With the Covid virus on the run in many parts of the country, galleries of significant size are returning to tournaments.
Fans are scooping up tickets as soon as they become available, and gallery sizes are likely to grow as the season progresses.
Players have been vocal about missing the fans and the energy they bring. Fans also have been missed by the accountants. And the merchandise sellers. And the concession operators. Even the parking lot attendants.
Those of us in the television audience also have been denied the varying levels of excitement related to the presence of the gallery.
Here’s what we’ve missed:
People – mostly men, oddly enough – running toward a ball that’s hit out of bounds like it’s a wildcat and then surrounding it – but not getting too close because they’re afraid of being bitten. Then, again oddly, they stare at the ball like a phoenix is about to burst forth from it.
Guys – I’ve never heard a woman do this – who yell “In the hole!” after a drive on a par five. The result they seek never happens. Yet they never give up.
Some incredibly awful shirt and shorts combinations. The vivid and clashing colors make me wish my television screen wasn’t so bright. An additional helpful note: Black socks and sandals equal an abomination and a possible hanging offense.
People who live on the course and bring their dogs outside to watch the action. I hear barking and wait for the unique sound of Jon Rahm’s driver whacking a spaniel in the head.
A hundred different versions of “Ohhhhhhhh” as putts are missed.
Short-skirted women following Rory McIlroy around the course like he’s still single.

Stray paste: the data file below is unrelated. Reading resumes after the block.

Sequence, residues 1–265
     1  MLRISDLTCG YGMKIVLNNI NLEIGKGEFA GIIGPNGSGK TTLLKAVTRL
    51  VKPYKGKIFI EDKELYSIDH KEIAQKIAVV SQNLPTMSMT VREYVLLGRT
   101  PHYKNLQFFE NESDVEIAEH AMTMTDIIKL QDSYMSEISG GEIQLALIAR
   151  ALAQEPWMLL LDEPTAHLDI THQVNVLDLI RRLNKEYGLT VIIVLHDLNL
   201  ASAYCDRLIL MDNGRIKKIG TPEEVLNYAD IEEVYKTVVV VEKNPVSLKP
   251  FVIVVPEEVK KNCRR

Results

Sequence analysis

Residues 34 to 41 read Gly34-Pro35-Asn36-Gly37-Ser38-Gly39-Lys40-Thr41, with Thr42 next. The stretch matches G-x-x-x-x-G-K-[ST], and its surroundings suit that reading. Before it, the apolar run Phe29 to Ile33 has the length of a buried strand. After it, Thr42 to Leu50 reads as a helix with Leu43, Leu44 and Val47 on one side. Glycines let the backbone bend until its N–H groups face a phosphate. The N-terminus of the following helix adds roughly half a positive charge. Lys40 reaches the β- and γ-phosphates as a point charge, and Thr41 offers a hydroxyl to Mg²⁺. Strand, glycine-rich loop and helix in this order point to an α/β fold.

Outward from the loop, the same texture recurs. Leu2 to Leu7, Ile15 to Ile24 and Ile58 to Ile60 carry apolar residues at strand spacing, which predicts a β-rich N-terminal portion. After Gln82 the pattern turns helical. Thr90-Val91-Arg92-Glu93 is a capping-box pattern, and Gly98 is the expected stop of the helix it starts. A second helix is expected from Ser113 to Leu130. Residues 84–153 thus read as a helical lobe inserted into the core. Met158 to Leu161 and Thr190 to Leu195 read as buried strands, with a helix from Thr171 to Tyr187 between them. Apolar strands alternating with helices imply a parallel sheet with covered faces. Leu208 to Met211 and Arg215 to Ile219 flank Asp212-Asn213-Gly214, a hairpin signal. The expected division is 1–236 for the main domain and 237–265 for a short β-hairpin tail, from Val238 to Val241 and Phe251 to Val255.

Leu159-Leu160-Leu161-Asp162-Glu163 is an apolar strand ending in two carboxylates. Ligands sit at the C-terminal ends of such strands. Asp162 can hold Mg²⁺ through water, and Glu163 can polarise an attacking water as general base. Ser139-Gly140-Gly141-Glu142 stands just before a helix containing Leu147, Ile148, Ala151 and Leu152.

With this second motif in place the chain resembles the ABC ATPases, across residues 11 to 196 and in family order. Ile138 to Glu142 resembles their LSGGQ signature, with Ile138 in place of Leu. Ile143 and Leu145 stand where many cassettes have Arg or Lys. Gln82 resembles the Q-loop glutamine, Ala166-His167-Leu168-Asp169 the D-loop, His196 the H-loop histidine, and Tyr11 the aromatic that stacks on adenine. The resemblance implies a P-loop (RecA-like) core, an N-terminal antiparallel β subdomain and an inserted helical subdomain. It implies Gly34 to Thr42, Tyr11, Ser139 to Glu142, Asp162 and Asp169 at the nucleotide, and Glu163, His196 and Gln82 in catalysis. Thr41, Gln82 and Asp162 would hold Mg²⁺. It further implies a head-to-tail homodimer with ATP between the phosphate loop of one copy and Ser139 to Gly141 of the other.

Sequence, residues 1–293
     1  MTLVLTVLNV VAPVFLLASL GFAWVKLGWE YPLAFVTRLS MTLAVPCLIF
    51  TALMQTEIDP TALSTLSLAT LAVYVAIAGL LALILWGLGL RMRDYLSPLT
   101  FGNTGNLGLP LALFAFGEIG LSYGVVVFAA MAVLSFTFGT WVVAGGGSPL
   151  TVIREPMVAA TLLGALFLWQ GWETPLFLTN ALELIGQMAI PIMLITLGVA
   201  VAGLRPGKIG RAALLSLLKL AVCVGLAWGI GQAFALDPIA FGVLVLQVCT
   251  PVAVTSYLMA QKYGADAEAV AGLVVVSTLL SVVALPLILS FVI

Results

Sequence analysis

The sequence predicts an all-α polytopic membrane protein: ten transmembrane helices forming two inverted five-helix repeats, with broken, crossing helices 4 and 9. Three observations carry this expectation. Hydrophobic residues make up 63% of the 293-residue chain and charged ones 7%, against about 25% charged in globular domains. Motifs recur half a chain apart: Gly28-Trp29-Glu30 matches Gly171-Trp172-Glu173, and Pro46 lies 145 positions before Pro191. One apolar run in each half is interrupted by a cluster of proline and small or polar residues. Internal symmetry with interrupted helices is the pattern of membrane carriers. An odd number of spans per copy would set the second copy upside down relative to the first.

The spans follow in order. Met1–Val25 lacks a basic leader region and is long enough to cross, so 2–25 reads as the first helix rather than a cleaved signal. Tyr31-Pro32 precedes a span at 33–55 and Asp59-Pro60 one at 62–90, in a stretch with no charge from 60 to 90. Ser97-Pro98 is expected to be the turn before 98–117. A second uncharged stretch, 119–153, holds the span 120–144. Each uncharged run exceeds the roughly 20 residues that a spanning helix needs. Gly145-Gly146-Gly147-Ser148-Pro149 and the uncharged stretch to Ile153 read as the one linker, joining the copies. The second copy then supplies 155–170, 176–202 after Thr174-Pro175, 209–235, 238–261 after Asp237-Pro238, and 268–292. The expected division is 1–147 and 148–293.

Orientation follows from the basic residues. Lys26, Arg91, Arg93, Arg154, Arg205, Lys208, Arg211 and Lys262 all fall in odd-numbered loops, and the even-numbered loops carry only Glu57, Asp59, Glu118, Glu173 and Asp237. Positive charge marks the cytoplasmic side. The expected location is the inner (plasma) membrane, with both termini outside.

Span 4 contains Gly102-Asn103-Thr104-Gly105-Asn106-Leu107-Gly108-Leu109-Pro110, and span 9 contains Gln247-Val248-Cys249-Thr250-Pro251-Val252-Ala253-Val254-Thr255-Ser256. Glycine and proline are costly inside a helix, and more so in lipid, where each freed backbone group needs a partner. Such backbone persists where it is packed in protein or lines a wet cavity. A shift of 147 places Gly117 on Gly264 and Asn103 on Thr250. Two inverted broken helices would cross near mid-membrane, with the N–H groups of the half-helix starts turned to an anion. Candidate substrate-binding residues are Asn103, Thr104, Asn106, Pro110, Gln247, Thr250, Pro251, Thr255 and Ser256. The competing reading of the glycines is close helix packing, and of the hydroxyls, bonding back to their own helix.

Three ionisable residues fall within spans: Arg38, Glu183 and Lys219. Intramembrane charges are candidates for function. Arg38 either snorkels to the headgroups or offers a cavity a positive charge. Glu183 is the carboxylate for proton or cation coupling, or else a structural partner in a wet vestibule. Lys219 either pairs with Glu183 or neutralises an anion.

A fan who’s had too many course cheeseburgers over the years testing the strength – and width – of a small collapsible golf seat.
With about 7,000 cameras on the course, somebody in the gallery still has to point out where the ball landed in the trees.
The strange situation of a gallery at a green being graveyard quiet despite the fact that the crowd on the parallel fairway is erupting because of somebody making an eagle.
We’ve also missed:
The surge of humanity that sometimes follows an apparent winner as he or she walks to the 18th green.
Big Joe obviously enjoying a bag of French fries from the concession stand.
Significant other of Big Joe wondering where her fries went.
Phil Mickelson handing balls to delighted kids beyond the ropes.
Fans surrounding par three greens erupting in cheers when a shot lands within three feet of the flag.
The dramatic sense of wonder that flows through the crowd when Bryson DeChambeau sails a drive into the clouds.
The obvious respect shown to heroes like Jack Nicklaus and Gary Player when they’re on site.
A 10-year-old boy holding a flag, expectedly waiting for autographs.
Mike Hembree is a veteran journalist who has covered a variety of sports for numerous publications and websites, including USA Today, Fox Sports, TV Guide and The Greenville (S.C.) News. He has written 14 books and has won numerous writing awards at the national, regional and state levels. He is a seven-time winner of the National Motorsports Press Association Writer of the Year Award.
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